Indeed, this only writes out one byte:

digitalWrite (PIN_SS, LOW); //Start transferring data
SPI.transfer (0xFF);  //Turn off the current plane (in fact all planes)(all 1s)
digitalWrite (PIN_SS, HIGH); //Done transferring data

That should be enough to turn everything off, because the value (all 1s) gets into the first shift register and turns off all the anode planes, so it does not matter what is left in the next N shift registers, which control the cathode columns. Or at least, that's how I imagine it...

cubeData is a matrix consisting of NxN bytes. The first index is the plane index, the second index is the row index inside the plane. Each element of the matrix contains one byte, which holds the data for one column inside the horizontal plane. In other words cubeData has NxN elements and each element contains N bits (obviously N cannot exceed 8 ).

Did I understand correctly that when you have X pieces of shift registers daisy chained, the first byte sent out via SPI.tansfer() goes into the first shift register, then the second SPI.transfer() pushes it into the second shift register, and so on?

Actually, if the data goes live only when the SS pin is turned back HIGH, then I think this should be enough to switch to the next horizontal LED plane (next multiplexing step):

void displayCurrentPlane ()
{
    digitalWrite (PIN_SS, LOW); //Start transferring data

    for (byte i = N - 1; i >= 0; --i) //Set up the LEDs inside the current plane
    {
        SPI.transfer (cubeData[currentPlaneIndex][i]);
    }

    SPI.transfer (~(1 << currentPlaneIndex)); //Turn on the current plane and turn off all other planes (current plane's bit is set to 0, all other bits are set to 1)

    digitalWrite (PIN_SS, HIGH); //Done transferring data
}

Tonight I've "fired up" the LED cube. For about 2 hours it did not work at all. Turned out I had one short plus some misunderstanding about how my solderless breadboard's +/- rails work. I've solved these and the cube started working :D

Unfortunately it doesn't quite work as I would have expected it to. There are some mysteries that I can't explain: 1. In theory we have discussed that a cathode column can be turned on by setting its bit to 1. This works as expected. We have also discussed that an anode plane can be turned on by setting its bit to 0. Instead of this it turns on when I set its bit to 1, not to 0. I have followed CrossRoads circuit design 100%. 2. When I turn an anode plane on (by setting its bit to 1) some other planes also turn on (one or two planes above/below it), but much more faintly than the plane that actually needs to be turned on. 3. When I set all anode planes to off (by setting all bits to 0), the middle two planes turn on at full brightness.

For the anode/layer, writing a 1 into the shift register bit makes the output go low & turns on the PNP to make the anodes High.
For each cathode, writing a 1 into the shift register bit to make the output go low and turn on the LED.

Can you seperate the SS for the anode from the SS for the cathodes?

Instead of your funny << shift thing, pull the data from an array:

for (layer = 0 to 7){
// turn off all layers
digitalWrite(AnodeSS, LOW);
  SPI.transfer(0x00);
digitalWrite(AnodeSS, HIGH);

// write cathode - I suppose this could be the array structure you have above too
digitalWrite(CathodeSS, LOW);
  SPI.transfer(cathodeData[2*layer]);        // 0,2,4,6,8,10,12,14
  SPI.transfer(cathodeData[(2*layer)+1]); // 1,3,5,7,9,11,13,15
digitalWrite(CathodeSS, HIGH);
// this seems simpler to me tho - just 2 bytes per layer

// turn on anode
digitalWrite(AnodeSS, LOW);
  SPI.transfer(anodeData[layer]);
digitalWrite(AnodeSS, HIGH);

}

Ok, so in order to turn on an LED situated at the intersection of the layer X and column Y, you need to write 1 into the Xth bit of the anode shift register and 1 into the appropriate bit of the appropriate cathode shift register. The main idea is that both the anode and cathode shift registers need to receive a 1 bit in order to turn on the LED. That's nice. It seems that I misunderstood it earlier, but now everything is clear.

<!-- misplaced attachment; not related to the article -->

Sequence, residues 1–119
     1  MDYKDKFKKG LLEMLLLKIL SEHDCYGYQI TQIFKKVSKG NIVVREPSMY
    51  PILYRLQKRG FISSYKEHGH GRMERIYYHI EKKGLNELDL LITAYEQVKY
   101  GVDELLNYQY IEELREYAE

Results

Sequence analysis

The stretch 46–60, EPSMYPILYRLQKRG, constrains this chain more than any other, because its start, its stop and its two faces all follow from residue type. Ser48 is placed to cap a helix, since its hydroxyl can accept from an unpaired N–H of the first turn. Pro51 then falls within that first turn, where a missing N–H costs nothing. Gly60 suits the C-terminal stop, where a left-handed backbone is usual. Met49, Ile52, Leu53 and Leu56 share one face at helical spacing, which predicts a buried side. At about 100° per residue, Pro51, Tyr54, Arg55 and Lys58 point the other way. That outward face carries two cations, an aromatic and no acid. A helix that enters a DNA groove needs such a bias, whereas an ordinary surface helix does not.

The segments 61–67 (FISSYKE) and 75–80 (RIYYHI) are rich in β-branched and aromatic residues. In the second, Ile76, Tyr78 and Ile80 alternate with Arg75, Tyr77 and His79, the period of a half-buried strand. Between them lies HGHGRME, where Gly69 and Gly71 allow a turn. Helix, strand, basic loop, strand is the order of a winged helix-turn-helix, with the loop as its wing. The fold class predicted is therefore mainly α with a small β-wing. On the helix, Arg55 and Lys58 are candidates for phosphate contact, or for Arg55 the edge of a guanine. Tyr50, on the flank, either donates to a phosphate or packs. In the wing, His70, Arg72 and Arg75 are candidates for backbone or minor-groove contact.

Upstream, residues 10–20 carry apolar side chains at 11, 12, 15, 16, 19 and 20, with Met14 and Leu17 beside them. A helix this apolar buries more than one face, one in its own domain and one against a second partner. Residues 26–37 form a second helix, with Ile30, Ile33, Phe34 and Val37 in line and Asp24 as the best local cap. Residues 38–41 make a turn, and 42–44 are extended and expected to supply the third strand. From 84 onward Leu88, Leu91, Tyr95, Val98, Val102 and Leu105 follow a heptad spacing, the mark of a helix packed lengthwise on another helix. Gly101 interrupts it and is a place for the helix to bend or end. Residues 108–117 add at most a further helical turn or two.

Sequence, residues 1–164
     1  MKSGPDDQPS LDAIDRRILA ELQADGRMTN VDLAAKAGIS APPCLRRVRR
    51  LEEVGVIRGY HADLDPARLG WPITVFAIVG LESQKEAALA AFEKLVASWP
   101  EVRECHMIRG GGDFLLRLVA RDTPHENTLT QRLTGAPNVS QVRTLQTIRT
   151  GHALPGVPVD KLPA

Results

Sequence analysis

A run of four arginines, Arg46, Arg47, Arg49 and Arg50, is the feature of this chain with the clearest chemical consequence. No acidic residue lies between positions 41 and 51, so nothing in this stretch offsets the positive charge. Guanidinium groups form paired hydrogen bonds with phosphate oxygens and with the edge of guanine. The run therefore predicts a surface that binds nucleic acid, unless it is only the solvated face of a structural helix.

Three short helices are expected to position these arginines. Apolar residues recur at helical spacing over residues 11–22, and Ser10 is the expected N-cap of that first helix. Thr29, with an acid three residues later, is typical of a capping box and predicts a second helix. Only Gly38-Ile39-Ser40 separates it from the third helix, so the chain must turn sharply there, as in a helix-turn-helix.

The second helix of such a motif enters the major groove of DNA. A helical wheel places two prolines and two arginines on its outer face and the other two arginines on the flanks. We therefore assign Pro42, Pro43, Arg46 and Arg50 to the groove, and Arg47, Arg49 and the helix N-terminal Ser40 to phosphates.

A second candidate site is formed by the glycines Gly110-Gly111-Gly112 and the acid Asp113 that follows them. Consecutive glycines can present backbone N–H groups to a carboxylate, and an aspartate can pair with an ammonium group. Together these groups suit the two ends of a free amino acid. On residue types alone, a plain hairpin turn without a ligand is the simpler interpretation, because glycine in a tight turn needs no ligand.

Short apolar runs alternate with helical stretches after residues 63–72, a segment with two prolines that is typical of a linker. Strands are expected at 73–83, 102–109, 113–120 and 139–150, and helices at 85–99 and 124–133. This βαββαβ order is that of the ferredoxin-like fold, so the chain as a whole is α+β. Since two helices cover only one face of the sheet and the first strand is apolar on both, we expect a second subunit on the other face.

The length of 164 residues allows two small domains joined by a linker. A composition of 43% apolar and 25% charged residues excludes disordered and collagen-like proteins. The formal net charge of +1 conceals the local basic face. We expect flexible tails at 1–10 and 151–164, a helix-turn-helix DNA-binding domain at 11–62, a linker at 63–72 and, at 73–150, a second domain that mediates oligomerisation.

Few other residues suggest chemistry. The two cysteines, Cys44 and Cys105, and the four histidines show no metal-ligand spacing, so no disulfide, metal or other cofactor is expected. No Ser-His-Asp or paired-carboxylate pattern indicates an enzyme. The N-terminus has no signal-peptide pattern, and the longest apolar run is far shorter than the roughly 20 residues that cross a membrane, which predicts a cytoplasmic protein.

I'm not so worried at the moment about how exactly I write those bits into the shift registers, as that seems to be working. On the other hand I'm very much worried about the fact that turning a layer on also turns on 1 or 2 other layers below and/or above it, but not as brightly as the targeted layer. Also, if I turn off all the layers, the two middle layers turn on at full brightness. That's very worrying... seems like a hardware bug...

For testing purposes I have disabled the whole multiplexing and everything that can make debugging hard. My whole loop() function is empty now, I just test things in the setup() function.

For example, if my setup() contains this:

void setup ()
{
    pinMode (PIN_MOSI, OUTPUT);
    pinMode (PIN_SCK, OUTPUT);
    pinMode (PIN_SS, OUTPUT);

    SPI.begin ();
    SPI.setBitOrder (MSBFIRST);
    SPI.setClockDivider (SPI_CLOCK_DIV4);

    digitalWrite (PIN_SS, LOW); //start transferring data
    SPI.transfer (B00000000); //turn off cathode columns 8-15
    SPI.transfer (B00000001); //turn on cathode column 0, turn off cathode columns 1-7
    SPI.transfer (B00000001); //turn on the first anode plane (anode plane 0)
    digitalWrite (PIN_SS, HIGH); //done transferring data
}

The code cannot get simpler than this. There's clearly no error in it and yet anode planes 1 and 2 also turn on in a dim manner next to anode plane 0 which turns on at full brightness, as instructed.

If in the last SPI.transfer(), which sets the anode planes, I transfer all 0 bits, the two middle anode planes (1 and 2) turn on.

Remember that I have a 4x4x4 cube driven by 3 daisy chained shift registers. The first 4 outputs of the first shift register on the line control the 4 anode layers through the MOSFETS and the next two shift registers on the line use all their 8 outputs to control the 16 cathode columns.

At the moment I don't have the slightest clue, what can be wrong, but it smells like a hardware problem to me... Let me know if you suspect anything.

Thanks!

I suspect hardware problem also. If you put a meter on the anodes for the other layers, what do you measure? Perhaps a small pulldown (5k) is needed to keep the anodes low when the PNP is turned off, or a stronger pullup is needed on the PNP bases.